Bricks and Sycomores

Isaiah 9:8-10. “The Lord sent a word into Jacob, and it hath lighted upon Israel. And all the people shall know, even Ephraim and the inhabitant of Samaria, that say in the pride and stoutness of heart, The bricks are fallen down, but we will build with hewn stones: the sycomores are cut down, but we will change them into cedars.”

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This passage begins a section that takes us through to chapter 10:4. After the wonderful promises of vv. 6-7,  God speaks further denunciations of evil and warnings of impending judgments. The people had to be reminded that the promises of vv. 6-7 would not be fulfilled until things grew so bad that there seemed no hope at all of help and deliverance.

The reference to Ephraim, in this context, refers to all of Israel.They were guilty of persistent hardness of heart. Even after the failure of their alliance with with Syria, there was no repentance. They looked at the destruction and said, “Well, sure, the bricks have been taken apart, but WE will rebuild with stone hewn out of the quarry. We will replace the sycomore trees with cedars.”

You’d think, wouldn’t you, that suffering under the hands of Syria and Assyria would have brought them to some semblance of humility before God?  Not yet. They had to suffer more, a lot more, before they turned back to God.

Judgment and Justice

Isaiah 9:7. “Of the increase of His government and peace there shall be no end, upon the throne of David, and upon His kingdom, to order it, and to establish it with judgment and with justice from hence forth even for ever. The zeal of the Lord of hosts will perform this.”

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When Jesus returns to establish His kingdom, the world finally experience the peace that so many are crying for today. The difference will be that no human ruler will be in charge. Jesus Christ Himself will sit on the throne of David, and the extent of His government, and the peace He will create, will have no end. This, by the way, is what a much loved Christmas carol is actually about:  Not His birth, but His return as King of King and Lord of Lords.

When Jesus establishes Himself on the throne of Dave, 2 Sam. 7:16 will be fulfilled. His judgment and righteousness will never end.

One of my sources indicates that the word zeal in this passage would better be rendered as jealousy.  W.E Vine says: 

His jealousy will have two goals. It is a fire of indignation against all who mistreated His chosen earthly people; it is also a fire that burns with such a love for them and zeal for their welfare that it must consume all unfaithfulness in their midst.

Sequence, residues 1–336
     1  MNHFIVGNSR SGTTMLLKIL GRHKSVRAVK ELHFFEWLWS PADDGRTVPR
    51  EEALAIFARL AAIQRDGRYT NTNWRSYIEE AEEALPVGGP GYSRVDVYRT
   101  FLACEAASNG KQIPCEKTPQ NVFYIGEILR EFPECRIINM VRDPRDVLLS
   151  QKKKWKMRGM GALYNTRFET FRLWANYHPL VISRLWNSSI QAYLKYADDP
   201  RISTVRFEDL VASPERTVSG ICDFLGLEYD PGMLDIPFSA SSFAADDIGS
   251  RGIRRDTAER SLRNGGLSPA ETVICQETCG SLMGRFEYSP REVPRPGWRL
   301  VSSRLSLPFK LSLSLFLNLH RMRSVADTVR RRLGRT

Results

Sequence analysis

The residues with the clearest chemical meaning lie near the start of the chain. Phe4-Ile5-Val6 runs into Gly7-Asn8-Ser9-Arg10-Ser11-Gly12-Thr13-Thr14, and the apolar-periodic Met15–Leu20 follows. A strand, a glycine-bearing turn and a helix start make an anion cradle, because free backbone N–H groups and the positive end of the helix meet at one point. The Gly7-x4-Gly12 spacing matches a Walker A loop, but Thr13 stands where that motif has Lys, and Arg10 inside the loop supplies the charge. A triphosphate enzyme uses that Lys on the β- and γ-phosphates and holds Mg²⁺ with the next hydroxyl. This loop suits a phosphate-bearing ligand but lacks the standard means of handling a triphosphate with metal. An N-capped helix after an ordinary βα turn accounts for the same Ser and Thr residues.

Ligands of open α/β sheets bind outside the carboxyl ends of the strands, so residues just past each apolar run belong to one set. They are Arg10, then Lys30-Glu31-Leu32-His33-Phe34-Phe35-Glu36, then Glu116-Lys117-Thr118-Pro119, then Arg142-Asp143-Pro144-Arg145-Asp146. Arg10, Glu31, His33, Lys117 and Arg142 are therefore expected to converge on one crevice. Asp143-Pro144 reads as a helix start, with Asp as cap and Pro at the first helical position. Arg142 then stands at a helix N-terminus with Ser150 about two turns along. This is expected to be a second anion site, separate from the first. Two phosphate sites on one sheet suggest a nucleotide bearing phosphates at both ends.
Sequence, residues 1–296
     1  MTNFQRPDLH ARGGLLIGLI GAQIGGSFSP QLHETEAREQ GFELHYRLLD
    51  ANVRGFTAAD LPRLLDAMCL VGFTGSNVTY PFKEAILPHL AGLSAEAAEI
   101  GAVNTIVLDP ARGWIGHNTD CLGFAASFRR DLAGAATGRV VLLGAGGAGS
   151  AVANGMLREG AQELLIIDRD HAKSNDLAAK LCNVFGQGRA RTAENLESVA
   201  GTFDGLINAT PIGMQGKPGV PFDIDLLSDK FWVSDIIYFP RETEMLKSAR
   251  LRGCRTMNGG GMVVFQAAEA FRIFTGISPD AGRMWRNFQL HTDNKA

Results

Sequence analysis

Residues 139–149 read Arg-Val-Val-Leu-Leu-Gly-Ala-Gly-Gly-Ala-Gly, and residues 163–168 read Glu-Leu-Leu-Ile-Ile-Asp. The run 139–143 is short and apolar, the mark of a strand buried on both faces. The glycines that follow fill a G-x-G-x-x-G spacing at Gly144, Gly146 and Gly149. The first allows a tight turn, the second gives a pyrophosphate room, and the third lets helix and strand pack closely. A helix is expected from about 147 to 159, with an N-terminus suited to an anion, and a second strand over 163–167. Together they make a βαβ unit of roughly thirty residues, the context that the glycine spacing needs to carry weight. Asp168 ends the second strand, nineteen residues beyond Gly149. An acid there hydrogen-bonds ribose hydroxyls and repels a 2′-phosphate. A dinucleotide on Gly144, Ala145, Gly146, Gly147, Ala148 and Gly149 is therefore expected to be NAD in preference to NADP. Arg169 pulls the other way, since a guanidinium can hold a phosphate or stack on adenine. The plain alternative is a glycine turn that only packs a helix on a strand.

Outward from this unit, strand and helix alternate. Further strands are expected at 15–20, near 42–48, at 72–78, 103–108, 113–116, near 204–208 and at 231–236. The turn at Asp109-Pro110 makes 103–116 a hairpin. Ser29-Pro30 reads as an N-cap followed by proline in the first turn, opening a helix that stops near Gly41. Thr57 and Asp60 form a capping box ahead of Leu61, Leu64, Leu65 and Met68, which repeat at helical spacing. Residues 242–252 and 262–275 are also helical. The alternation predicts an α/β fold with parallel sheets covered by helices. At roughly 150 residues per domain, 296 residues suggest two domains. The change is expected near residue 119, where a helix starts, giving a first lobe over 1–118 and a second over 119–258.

Sunday Morning Coffee:A Setback

I was doing so well. Got my staples out of the incision, was feeling really good. Then I went to a store with Terry, stayed on my feet for maybe half an hour, walked a little, stood still  a little. Knew I needed to get back to the car. Little pinchy twinges in the right lumbar.

“NO!”  says I to myself. ‘I’ll be fine once we get home and I can stretch out on my bed. This is just a temporary setback.”   But I knew.  Really, deep inside, I knew.

My right-side lumbar pain is back. Not the one the surgery targeted. That seems fine. The one that started this whole mess two years ago, that’s what is rearing its ugly head.

So I’m back to resting, not sitting much, using the bed Terry set up in the living room. And maybe I can get ahead of it. If I have to, I’ll start taking my pain meds again.

What did I do to cause this?  Probably nothing. I’m always careful these days.  I took my cane with me, even though I don’t use it at home any more. It just happened.

So, how can I make a spiritual application here?  Always, it’s  good to look for that. It helps me to understand that God knows all about it, and I don’t have to  try to figure out.

First, it’s yet another opportunity to trust Him.  He knows I’m supposed to go back to work in  just a little over a week. He knows  what I can tolerate as far as sitting is concerned, and He will make a way for me to be able to deal with my situation. In my head, I know this is true. My emotions, however, are less stable and will take more convincing.  That’s one reason why we need to follow what we know to be true, not how we feel. Feelings change from moment to moment. God’s truth is always the same.

Second, it’s  an opportunity  to give Him my fear. I don’t like pain. I don’t like knowing that I will be dealing with pain, at some level, for the rest of my life. I have a condition, not an illness that will eventually be healed. Conditions like mine don’t disappear. The pain can be treated and eased,  but the underlying problem will not disappear.  I have to  give that to the Lord on a regular basis. Give Him my fear, and grab the promise, again, that He will be with me through the valley of the shadow of death. I’m not being melodramatic here.  I’m just looking to the future. If I don’t learn to trust Him now, through the small stuff, then I won’t trust Him later.